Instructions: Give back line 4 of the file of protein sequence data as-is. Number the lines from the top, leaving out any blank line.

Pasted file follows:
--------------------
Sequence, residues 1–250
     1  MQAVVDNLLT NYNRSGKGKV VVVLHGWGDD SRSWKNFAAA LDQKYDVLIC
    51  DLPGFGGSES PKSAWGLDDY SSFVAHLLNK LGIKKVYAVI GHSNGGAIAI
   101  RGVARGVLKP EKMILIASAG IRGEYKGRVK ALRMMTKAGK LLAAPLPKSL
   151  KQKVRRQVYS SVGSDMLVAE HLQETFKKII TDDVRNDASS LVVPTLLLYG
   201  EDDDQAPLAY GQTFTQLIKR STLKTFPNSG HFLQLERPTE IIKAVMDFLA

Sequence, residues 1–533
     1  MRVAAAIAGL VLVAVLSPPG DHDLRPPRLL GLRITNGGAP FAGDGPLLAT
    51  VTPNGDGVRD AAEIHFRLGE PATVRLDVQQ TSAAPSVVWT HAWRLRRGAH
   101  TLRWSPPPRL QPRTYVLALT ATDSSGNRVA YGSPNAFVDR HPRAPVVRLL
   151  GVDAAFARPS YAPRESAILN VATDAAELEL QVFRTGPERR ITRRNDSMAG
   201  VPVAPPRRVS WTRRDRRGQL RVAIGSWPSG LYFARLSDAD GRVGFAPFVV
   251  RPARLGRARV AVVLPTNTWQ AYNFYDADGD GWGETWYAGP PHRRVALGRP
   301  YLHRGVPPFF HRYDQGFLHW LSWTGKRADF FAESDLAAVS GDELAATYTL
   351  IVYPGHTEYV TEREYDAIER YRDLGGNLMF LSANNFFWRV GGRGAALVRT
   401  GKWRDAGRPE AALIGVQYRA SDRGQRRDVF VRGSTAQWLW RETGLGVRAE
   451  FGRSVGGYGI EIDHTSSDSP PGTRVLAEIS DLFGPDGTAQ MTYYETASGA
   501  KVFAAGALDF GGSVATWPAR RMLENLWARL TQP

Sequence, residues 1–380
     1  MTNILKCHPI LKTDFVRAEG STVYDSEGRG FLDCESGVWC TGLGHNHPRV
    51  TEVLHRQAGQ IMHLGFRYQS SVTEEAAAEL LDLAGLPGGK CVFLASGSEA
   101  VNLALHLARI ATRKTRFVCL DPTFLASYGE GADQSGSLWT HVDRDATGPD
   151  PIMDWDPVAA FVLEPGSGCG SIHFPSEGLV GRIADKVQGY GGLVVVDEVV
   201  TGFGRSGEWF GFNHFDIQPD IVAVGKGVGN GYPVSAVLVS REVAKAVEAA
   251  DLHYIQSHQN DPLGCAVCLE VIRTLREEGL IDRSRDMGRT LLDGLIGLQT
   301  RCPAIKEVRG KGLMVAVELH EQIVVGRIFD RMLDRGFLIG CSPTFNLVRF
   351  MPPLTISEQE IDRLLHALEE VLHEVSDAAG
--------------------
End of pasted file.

   101  RGVARGVLKP EKMILIASAG IRGEYKGRVK ALRMMTKAGK LLAAPLPKSL